The Newest Shortage May Ruin Your Holiday, Experts Warn
This item is limited in stock at the worst time possible.
For many of us, Halloween is a month-long holiday that starts the moment the clock strikes midnight on Oct. 1. Festive folks across the country are already getting their homes ready for the spooky season, decorating their spaces with skeletons and ghosts, queuing up the Halloween movies, and stocking up on their trick-or-treating candies. Unfortunately, one shortage is threatening to ruin festive plans already. Read on to find out what product is in limited supply at the worst time possible for the holiday.
Pumpkins are facing a shortage this year.
Annette Jackson, the co-owner of Jackson's Greenhouse and Garden Center in Topeka, Kansas, told NBC-affiliate KSNT that there are fewer pumpkins for people to buy this year because of a shortage. "Now they're hard to find and they're extremely expensive," she said.
Like many shortages hitting the country, the pandemic and a lack of workers heavily contributed to the limited stock of pumpkins this year. "A lot of the patches just went out of business. They gave up," Marty Martinez, who has been buying pumpkins for Orchard Nursery in Lafayette, California, for 25 years, told ABC 7. He said that this year has been unlike any other in terms of limited supply.
Experts say climate issues also played a part in the shortage.
Many farmers also said climate issues have contributed to the pumpkin shortage. According to Jackson, a decent pumpkin harvest is largely dependent on good weather through the harvest season in May to the end of August. Farmers in Charlotte, North Carolina, said that a wet spring and summer forced them to cut their harvest by nearly half, Fox 8 reported.
For others, it was the opposite problem. In Half Moon Bay, California, a drought prevented many pumpkin farmers from conducting their normal production process. "Because of the drought, a lot of farmers didn't plant because of water. We usually plant 10 acres. This year, we only did half of that," Danny Lopes, co-owner of John's Pumpkin Farm in Half Moon Bay, told ABC 7.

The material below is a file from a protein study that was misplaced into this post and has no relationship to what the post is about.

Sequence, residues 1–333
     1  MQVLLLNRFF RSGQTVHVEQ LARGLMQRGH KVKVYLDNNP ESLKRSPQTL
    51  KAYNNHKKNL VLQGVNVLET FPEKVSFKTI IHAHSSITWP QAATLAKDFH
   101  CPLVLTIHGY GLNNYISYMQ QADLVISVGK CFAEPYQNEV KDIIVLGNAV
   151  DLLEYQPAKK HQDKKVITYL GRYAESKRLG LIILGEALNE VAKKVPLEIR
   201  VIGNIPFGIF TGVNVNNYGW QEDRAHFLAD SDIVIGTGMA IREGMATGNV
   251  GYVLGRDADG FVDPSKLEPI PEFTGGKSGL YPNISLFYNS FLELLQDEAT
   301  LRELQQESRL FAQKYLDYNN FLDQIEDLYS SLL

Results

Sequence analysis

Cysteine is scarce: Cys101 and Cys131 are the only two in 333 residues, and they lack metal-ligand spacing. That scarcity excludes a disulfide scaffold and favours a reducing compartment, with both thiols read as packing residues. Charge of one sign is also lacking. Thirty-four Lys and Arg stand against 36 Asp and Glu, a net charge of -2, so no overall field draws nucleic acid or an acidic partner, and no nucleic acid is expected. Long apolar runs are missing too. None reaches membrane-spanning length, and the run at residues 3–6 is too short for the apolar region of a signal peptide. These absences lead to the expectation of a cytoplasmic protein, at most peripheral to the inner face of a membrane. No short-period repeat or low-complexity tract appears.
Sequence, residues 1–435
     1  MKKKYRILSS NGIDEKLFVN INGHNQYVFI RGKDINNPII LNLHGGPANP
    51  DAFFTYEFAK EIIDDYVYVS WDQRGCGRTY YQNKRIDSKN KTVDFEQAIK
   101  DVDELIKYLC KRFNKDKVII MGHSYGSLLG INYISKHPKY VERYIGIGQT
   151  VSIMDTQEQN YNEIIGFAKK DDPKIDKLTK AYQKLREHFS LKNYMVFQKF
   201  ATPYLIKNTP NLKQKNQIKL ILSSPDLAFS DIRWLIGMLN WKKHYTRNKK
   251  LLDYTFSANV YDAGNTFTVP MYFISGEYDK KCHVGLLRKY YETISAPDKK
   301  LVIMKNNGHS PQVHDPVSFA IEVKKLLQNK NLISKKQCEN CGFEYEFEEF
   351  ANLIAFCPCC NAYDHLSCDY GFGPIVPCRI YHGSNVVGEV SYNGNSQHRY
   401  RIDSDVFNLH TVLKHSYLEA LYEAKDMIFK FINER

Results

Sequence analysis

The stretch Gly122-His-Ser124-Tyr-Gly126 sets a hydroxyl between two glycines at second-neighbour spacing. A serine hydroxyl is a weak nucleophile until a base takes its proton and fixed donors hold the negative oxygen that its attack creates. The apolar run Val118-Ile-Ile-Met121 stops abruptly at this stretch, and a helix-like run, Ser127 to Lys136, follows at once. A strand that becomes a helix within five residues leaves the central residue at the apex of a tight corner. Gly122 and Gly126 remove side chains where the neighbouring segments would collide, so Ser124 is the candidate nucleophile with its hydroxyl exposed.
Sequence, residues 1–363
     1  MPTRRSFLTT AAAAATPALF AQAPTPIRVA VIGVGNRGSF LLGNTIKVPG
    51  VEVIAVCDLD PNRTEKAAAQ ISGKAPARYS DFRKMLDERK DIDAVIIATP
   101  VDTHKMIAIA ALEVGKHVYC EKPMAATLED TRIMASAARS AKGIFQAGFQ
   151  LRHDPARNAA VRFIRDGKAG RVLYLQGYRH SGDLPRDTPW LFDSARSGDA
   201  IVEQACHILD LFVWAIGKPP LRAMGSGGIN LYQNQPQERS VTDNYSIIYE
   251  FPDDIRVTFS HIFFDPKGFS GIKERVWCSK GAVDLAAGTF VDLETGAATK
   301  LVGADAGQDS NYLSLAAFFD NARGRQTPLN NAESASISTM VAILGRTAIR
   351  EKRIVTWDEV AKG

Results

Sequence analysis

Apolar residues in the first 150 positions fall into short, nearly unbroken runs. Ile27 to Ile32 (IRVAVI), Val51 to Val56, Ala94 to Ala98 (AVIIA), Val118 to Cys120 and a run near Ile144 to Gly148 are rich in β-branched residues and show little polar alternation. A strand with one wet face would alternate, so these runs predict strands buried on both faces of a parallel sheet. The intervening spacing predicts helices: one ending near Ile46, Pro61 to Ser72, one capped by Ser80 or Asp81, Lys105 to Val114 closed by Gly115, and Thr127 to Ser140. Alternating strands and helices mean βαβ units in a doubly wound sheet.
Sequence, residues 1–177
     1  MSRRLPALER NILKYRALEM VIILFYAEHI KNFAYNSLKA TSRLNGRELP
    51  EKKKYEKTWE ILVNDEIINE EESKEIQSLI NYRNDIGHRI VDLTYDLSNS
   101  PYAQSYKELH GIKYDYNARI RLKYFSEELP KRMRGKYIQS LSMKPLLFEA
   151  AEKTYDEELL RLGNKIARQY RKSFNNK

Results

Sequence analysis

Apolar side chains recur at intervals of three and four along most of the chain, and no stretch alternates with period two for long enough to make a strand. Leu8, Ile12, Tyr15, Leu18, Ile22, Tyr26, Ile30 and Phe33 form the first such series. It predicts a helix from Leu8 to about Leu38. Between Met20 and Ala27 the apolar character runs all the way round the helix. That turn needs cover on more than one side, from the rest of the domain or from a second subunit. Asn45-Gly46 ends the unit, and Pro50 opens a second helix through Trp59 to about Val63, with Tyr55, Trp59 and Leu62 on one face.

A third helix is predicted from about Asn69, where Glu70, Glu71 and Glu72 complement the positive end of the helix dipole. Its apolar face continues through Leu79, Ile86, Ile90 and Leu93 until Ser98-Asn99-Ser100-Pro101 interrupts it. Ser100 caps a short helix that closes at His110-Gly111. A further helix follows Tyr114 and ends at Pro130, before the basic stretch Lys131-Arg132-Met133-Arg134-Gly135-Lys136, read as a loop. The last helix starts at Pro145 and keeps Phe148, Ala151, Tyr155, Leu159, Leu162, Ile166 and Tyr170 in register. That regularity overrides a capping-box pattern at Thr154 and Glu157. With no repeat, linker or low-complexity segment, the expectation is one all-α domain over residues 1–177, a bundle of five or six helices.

If you do find pumpkins this year, they're likely to be more expensive.
Right now, most retailers should still have pumpkins in stock if you want to grab them while you can. Employees at Simpson's Pumpkins and Trees in South Charlotte, North Carolina, told Fox 8 that the second week of October is expected to be the busiest pumpkin-buying time for the retailer. But even if you do buy early to avoid not being able to find any pumpkins, expect to encounter higher prices because of the limited stock. Simpson's manager Owen Simpson told the news outlet that they've had to raise prices a little this year.
Martinez also confirmed to ABC 7 that costs are likely to be higher for customers. "In some cases, prices have doubled. Especially for the specialty white ones. They can be hard to come by," he said.
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This is not the only holiday-related shortage popping up this year.
As the fall holidays approach, Halloween is not the only special day facing a challenging shortage. Recently, experts sounded the alarm that a turkey shortage may affect many families' holiday feasts this year. Shady Brook Farms, one of the nation's largest turkey suppliers, warned distributors and retailers in a late July letter that there's bad news about the "status of fresh, whole turkeys for Thanksgiving and Christmas" this year, as reported by The New York Post.
Smaller fresh and frozen turkey under 16 pounds will be particularly in short supply, Phil Lempert, a food trends analyst and editor of Supermarket Guru, told Today. "Holiday food shopping this year will be more challenging than ever," he said.